The Island of Arle is home to many creatures. Some creatures are friendly to humans. Some are not, and between these monsters--gryphons, banshees, lamias, and more--and humans stand the Riders, an elite class of warriors, proud and deadly. They are aided by the tougher of the friendly creatures--dragons, wyvern, and beoryns. Alistair Daired, dragon rider, belongs to this group of warriors. You've probably already guessed that this is the Darcy character and that Elizabeth Bennett's character, Aliza Betaine, is not from among the Riders. Aliza meets Daired, and Brynsey and Charis (Bingly and sister), when they are hired to rid her area of gryphons after a gryphon kills her sister (Kitty's character). Unfortunately, the battles to keep the Tekari (the unfriendly creatures) at bay ultimately becomes a war for the entire land of Arle when the Greater Lindworm is awakened.
White's story world is intriguing with its blend of adorable garden hobgoblins, fearsome lamias, friendly dragons, and powerful forgewights (I really liked these), as well as an interesting culture that is in some ways similar to Austen's and in some ways utterly White's own. The title refers to the stone each Tekari has in its heart. These stones, jewels, are used as engagement stones. Kinda creepy, but it fits the warrior culture. There is violence and death and sorrow, but it is not too much and is not graphic.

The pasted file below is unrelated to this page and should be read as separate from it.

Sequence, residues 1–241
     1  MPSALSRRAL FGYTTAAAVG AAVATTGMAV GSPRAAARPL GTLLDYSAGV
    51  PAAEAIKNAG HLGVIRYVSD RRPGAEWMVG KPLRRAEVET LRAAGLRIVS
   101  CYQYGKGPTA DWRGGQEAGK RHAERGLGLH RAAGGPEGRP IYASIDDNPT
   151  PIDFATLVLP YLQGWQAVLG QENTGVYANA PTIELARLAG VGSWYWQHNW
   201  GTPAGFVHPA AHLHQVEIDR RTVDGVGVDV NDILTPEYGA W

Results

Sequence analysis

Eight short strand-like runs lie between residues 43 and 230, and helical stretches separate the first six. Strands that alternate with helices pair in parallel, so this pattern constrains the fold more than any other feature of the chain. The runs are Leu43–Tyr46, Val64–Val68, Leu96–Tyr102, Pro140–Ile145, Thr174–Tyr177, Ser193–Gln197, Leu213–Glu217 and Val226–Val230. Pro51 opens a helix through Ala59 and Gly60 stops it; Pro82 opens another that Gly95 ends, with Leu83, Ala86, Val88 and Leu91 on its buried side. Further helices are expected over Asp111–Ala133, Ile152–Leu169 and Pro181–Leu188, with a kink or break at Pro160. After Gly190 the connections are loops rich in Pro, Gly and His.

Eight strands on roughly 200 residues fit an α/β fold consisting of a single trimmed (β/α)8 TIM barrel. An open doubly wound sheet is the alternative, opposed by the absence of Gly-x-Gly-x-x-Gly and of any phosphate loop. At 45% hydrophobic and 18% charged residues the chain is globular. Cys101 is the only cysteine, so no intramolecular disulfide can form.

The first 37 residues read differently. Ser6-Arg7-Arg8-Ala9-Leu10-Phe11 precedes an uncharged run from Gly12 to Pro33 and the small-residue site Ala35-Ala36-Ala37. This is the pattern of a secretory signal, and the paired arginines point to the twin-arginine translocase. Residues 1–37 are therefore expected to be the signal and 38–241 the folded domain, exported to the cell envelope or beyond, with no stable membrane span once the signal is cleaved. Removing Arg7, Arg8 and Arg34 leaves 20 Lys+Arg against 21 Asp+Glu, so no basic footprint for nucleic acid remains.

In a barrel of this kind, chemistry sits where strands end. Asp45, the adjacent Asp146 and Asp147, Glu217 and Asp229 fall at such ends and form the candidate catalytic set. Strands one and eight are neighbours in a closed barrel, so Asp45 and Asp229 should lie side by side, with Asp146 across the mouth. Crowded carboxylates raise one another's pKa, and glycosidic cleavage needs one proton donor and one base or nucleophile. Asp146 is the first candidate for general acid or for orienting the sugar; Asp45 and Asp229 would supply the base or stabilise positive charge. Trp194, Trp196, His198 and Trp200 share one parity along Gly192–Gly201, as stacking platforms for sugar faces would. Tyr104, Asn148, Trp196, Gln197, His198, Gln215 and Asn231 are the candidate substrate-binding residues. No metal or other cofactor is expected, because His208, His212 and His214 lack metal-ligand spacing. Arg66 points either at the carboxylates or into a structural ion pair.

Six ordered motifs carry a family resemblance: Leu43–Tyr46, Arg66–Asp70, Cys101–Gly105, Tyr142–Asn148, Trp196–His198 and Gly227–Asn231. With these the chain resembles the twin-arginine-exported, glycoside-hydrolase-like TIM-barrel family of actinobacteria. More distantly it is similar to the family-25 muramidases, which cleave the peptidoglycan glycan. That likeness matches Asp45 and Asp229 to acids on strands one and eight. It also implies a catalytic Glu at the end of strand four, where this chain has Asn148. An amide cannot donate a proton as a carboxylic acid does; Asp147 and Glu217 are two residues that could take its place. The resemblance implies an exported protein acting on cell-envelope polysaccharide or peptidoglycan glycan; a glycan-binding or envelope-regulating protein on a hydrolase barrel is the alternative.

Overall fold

Not only did I like the world White set the story in, I also like how she blended Austen's story into that world. Austen's characters were easy to spot with cleverly similar names. For a fun addition, Mr. Collins's character's first name was Wynce. Wynce Curdred. She also softened some of the characters, redeeming even Mr. Collins's character in a way fitting to Austen (Aliza realizes she misjudged Collins, that despite his flaws, he's a kind, wise magistrate). However, Wickham's character is suitably corrupt, but there is never much of a connection between him and Aliza, as there is in Austen's story. Aliza is likable and brave. She's surprisingly prone to eavesdropping, not a typical trait of an Austen heroine. She's also a healer, a skill I always reading about. To my great satisfaction, Daired is more than the handsome, rich, madly-in-love hero some reduce him to. White purposely portrays him as a man of good character who changes when he recognizes his faults--a true Darcy.
In conclusion, if you like fantasy with a cool world (and dragons), if you like Pride and Prejudice, then you should add Elle Katharine White's Heartstone to your reading list--somewhere near the top of it.
Also, White has a sample chapter and several story extras on her website, including character profiles and a few pages of Mari's bestiary with illustrations of some of the story's monsters, if you'd like a sneak peak.
Have you read any Pride and Prejudice retellings that you'd recommend? Or do you have any favorite magical creatures?